Staging Your Property for Rent Appeal

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Staging your property properly prior to potential tenants visiting can mean the difference between letting it, and it remaining empty.

When you stage a home, you are creating a vision of what life may be like for the tenant. An article by The Negotiator suggests there is nothing more soulless than an empty home, and nothing more damaging than one that is poorly photographed. Striking the right balance can even be the difference between people turning up to view, and walking down the street to somebody else's home.

Before we go on, it is important to note that you must have the other basics in place before you stage your home. There is little point in dressing everything up nicely if the fundamentals are wrong.

A prospective tenant might be wowed by a nice design and style, but they will also scratch a little deeper for maintenance and repair information. A good landlord will satisfy both elements of renting. For instance, if you demonstrate that you care about their needs after they move in, that can also act as an important hook to get people to view your property. This can be done in several ways, one of which is protecting the heating system with a landlord-specific policy, demonstrating a commitment to the tenant. The landlord cover guide on HomeServe illustrates how generally, landlord cover for heating and plumbing can be wide-ranging, with policies offering basic cover through to a full boiler service and protection against pest infestations. Whilst staging a property correctly is important, there is little point if the foundations of the rental agreement are weak. Any prospective tenant will be wowed not only by the design and presentation, but also the proof that there is substance behind you as the landlord, consisting of protection and consideration for the mechanics and installations in the home.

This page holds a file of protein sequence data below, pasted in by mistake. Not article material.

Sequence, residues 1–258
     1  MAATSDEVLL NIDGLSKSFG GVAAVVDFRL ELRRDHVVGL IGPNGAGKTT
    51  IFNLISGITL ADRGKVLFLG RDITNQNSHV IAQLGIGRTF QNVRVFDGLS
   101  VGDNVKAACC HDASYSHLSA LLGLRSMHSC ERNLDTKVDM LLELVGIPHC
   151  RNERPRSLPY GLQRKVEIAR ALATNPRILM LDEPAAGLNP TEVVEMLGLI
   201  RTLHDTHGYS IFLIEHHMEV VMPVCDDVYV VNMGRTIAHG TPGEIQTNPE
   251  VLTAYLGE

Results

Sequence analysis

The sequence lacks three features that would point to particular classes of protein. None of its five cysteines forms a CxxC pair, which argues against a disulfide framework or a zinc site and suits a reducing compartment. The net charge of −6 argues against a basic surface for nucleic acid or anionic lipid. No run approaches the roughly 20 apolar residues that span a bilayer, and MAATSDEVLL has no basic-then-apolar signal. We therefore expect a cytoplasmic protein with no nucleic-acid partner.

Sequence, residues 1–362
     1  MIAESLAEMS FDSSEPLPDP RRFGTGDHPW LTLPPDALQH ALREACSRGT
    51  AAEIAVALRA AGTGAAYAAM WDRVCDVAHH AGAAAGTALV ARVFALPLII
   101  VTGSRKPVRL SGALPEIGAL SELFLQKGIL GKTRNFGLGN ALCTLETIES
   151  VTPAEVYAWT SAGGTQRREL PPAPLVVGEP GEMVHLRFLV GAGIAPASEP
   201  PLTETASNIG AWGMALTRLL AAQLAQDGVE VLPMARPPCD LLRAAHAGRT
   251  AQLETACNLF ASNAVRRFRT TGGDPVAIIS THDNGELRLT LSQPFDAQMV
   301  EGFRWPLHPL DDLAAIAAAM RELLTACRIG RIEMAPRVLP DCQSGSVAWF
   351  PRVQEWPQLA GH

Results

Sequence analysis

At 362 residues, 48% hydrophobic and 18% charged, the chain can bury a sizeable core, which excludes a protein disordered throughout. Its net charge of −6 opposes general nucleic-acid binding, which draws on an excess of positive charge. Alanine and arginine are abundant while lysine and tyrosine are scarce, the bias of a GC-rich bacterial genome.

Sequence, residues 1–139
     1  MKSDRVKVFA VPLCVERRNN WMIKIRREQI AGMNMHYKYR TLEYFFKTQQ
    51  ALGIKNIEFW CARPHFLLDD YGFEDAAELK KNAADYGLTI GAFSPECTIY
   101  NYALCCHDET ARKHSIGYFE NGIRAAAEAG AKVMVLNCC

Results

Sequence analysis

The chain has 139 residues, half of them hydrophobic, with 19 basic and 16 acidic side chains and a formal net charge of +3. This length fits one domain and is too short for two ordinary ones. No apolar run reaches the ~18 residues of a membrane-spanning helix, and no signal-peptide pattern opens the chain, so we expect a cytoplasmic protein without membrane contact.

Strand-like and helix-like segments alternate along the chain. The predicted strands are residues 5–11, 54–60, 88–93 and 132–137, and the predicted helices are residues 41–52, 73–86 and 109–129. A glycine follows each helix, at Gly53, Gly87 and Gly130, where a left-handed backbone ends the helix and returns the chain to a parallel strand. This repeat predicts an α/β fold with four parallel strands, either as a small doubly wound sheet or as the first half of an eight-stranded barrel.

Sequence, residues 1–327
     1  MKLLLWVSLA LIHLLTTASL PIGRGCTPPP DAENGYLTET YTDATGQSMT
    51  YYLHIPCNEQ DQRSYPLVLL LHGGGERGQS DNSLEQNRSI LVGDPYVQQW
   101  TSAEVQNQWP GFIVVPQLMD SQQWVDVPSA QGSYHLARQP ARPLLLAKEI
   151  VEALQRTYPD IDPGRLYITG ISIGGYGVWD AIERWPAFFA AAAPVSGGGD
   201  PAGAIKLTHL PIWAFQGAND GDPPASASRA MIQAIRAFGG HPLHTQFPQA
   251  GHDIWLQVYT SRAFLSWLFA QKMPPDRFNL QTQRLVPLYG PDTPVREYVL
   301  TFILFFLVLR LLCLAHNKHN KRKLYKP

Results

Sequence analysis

Some might argue that part of staging the home is not just the aesthetics, but the whole set up of your agreement, from protection going forward to the curtains in the hall. However, once you have the right offering in place in terms of protection and assurances for a strong relationship going forward, it is time to create the dream that your tenant can buy into. UK estate agents suggested that 80% of those who view properties cannot envisage what an empty room might look like, which is where home staging comes in. So, here are four handy tips to consider when dressing a property for rental.

First Impression

Entrance hallway staged
The first impression is hugely important, and potential tenants might spend hours looking at a property online, but decide within minutes, or even seconds, of stepping through the door. With that in mind, do not forget to stage the hallway to make it appealing and enticing. Try to make the hallway as light and airy as you can, and try introducing a houseplant or two, to make it feel fresh and inviting. Also, do not forget the overall environment - a warm hallway and plug-in air fresheners will make sure your property makes the right first impression not just visually, but in other areas, too.


Home offices are very fashionable at present, with the Guardian outlining how a growing number of people are working from home. Labelling a room 'a home office' may be a selling point, but by staging it as such, you are presenting the idea in a far more obvious way. If there are empty rooms, making a subtle suggestion as to their usage can help steer a potential client in the right direction. Understand your market though; if you want to appeal to larger families, marking a small bedroom as an office could have the opposite effect.


There is something of a grey area when it comes to white goods, such as the fridge, washing machine and dishwasher. Should you have them in a rental property, or not? The tendency in the past has been to steer away from them, but with EPC ratings tied so heavily to energy usage, it might be worth introducing them to a property for viewing purposes. If your prospective tenant already has them, you can always move them on to your next rental..

Not a Showroom

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Staging can go too far, so bear in mind that when you are creating a vision of a lifestyle, you are not trying to make it look sterile. Your staged home should look like it has life, a tenant and offers comfort and a welcoming ambience, not as if it is trying to sell furniture from a catalogue. Cushions, flowers, rugs and other soft furnishings all work well and suggest a homely ambience, rather than a showroom feel.

Can we help you further?

To find out more about how we could help you stage your property for rental complete the online enquiry form or check out our other home staging services.

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